Apple Vision Pro's front panel might be drop proof — but it's also partially made of plastic

JerryRigEverything scratching up his Vision Pro
(Image credit: JerryRigEverything)

The promise of Vision Pro is a simple one — a super premium mixed-reality headset smothered from the front panel to strap in expensive feeling metal, glass, and textile. Unfortunately, it seems like one part of the headset might not fill the brief.

Notorious gadget destroyer and durability tester JerryRigEverything has posted his thorough tests to YouTube, and his findings, especially if you’ve just bought one on the assumption that it’s got a completely glass panel on the front, aren’t going to fill you with joy. Or confidence.

Laminated glass? Or a plastic panel?

As always, JerryRigEverything pulled out his tools to see just how durable the Vision Pro headset is. The headset is already covered with fingerprints after his initial demo of the device — and then he gets to scratching.

The device only lasts 3 stages of the Mohs scale of hardness before deep gouges are left by the sharp edges of the testing tool, something that we’re told only happens when plastic is present. JerryRigEverything goes on to explain that this is the glass lamination that Apple has put in to make the headset more drop-proof — although he was expecting the lamination not to be on the front but within the glass layers instead.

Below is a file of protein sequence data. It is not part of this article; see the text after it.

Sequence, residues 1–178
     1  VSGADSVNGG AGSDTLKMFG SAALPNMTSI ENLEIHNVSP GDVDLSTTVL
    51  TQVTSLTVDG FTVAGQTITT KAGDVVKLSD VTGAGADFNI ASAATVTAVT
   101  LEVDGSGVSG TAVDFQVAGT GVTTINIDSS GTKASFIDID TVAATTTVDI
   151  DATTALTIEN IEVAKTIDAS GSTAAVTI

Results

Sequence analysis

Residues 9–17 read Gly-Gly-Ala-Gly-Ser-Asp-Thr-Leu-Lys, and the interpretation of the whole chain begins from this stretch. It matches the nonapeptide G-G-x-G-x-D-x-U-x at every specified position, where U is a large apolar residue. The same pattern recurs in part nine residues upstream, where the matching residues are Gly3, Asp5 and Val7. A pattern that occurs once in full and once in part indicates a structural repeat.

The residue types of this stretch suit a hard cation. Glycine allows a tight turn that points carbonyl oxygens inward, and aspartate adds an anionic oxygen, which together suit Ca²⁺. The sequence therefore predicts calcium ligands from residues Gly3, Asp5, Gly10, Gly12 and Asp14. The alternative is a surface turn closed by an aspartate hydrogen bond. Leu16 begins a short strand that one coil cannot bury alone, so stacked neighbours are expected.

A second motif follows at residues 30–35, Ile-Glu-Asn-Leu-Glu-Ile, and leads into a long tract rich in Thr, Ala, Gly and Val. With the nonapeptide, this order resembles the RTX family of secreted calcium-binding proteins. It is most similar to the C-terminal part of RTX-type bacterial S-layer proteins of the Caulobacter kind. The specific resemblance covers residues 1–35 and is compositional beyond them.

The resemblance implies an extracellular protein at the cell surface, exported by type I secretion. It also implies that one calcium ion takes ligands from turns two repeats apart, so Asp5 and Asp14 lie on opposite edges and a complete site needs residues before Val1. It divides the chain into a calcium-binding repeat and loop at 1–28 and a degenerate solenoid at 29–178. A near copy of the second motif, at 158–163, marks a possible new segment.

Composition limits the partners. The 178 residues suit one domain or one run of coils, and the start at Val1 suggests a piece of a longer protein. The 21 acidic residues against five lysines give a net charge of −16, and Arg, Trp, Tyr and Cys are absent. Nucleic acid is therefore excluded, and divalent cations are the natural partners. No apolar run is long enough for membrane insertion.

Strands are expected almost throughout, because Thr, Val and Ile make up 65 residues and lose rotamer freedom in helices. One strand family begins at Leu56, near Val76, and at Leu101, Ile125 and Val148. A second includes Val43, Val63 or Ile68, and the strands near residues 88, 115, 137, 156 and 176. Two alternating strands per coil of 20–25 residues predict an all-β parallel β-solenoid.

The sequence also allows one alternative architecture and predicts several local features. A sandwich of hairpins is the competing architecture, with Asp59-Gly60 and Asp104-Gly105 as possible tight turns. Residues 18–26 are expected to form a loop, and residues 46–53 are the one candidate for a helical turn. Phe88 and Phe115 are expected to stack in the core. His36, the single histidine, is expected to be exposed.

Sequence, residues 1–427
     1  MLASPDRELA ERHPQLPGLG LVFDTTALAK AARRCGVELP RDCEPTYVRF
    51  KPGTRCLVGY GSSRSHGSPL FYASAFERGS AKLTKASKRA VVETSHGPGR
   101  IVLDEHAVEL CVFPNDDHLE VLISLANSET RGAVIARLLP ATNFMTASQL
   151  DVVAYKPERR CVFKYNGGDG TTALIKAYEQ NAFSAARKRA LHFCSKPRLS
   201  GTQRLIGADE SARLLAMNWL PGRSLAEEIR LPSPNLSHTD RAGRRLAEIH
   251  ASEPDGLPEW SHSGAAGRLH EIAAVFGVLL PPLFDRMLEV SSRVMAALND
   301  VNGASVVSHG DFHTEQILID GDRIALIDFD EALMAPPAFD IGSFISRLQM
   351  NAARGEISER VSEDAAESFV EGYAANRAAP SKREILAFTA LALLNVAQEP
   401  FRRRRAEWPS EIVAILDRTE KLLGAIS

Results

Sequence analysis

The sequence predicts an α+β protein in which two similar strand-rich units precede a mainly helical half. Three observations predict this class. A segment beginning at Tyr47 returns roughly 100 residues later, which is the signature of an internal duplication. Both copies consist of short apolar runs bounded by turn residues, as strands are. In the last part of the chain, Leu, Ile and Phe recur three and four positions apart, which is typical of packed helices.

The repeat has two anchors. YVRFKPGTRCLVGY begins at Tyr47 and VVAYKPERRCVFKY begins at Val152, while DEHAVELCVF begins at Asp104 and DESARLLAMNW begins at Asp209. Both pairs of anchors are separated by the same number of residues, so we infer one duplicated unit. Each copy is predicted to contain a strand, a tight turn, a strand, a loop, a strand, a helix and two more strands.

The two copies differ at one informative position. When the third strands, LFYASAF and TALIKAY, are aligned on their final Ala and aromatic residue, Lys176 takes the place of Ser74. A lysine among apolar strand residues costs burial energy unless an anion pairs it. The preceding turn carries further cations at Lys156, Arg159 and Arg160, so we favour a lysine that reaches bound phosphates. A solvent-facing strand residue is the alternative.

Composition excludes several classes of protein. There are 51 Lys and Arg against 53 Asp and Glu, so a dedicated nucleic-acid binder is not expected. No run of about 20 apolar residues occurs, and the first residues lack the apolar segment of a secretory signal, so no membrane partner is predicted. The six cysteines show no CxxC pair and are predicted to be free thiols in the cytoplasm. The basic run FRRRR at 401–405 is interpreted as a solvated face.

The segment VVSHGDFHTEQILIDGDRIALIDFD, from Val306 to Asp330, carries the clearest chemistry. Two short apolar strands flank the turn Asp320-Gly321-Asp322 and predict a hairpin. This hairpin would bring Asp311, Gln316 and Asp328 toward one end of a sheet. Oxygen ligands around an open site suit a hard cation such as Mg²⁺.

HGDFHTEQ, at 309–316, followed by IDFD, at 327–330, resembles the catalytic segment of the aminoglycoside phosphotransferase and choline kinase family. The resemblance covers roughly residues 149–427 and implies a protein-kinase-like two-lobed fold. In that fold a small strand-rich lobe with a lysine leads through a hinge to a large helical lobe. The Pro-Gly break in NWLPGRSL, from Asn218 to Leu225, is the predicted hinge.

That means that if you’re wiping the headset down you’ll want to use a soft cleaning cloth, as even stuff like tissue paper could leave permanent scratching. Should you be disappointed with a plasticky glass front on your $3,499 headset? We’d say no — you’re more likely to drop the headset than anything else, and this form of lamination makes it a whole lot more durable if it were to tumble on your carpeted office floor. Hard floors, however — a different story, as shown in AppleTrack’s durability test.

A glimpse of the inside

As always, JerryRigEverythings tests also give us a glimpse of what the headset looks like on the inside, including the CPU, R1 chip, lenses, and more. It’s all broken, of course, but it's a cool look inside Apple’s latest device.

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Tammy Rogers
Senior Staff Writer

As iMore's Senior Staff writer, Tammy uses her background in audio and Masters in screenwriting to pen engaging product reviews and informative buying guides. The resident audiophile (or audio weirdo), she's got an eye for detail and a love of top-quality sound. Apple is her bread and butter, with attention on HomeKit and Apple iPhone and Mac hardware. You won't find her far away from a keyboard even outside of working at iMore – in her spare time, she spends her free time writing feature-length and TV screenplays. Also known to enjoy driving digital cars around virtual circuits, to varying degrees of success. Just don't ask her about AirPods Max - you probably won't like her answer.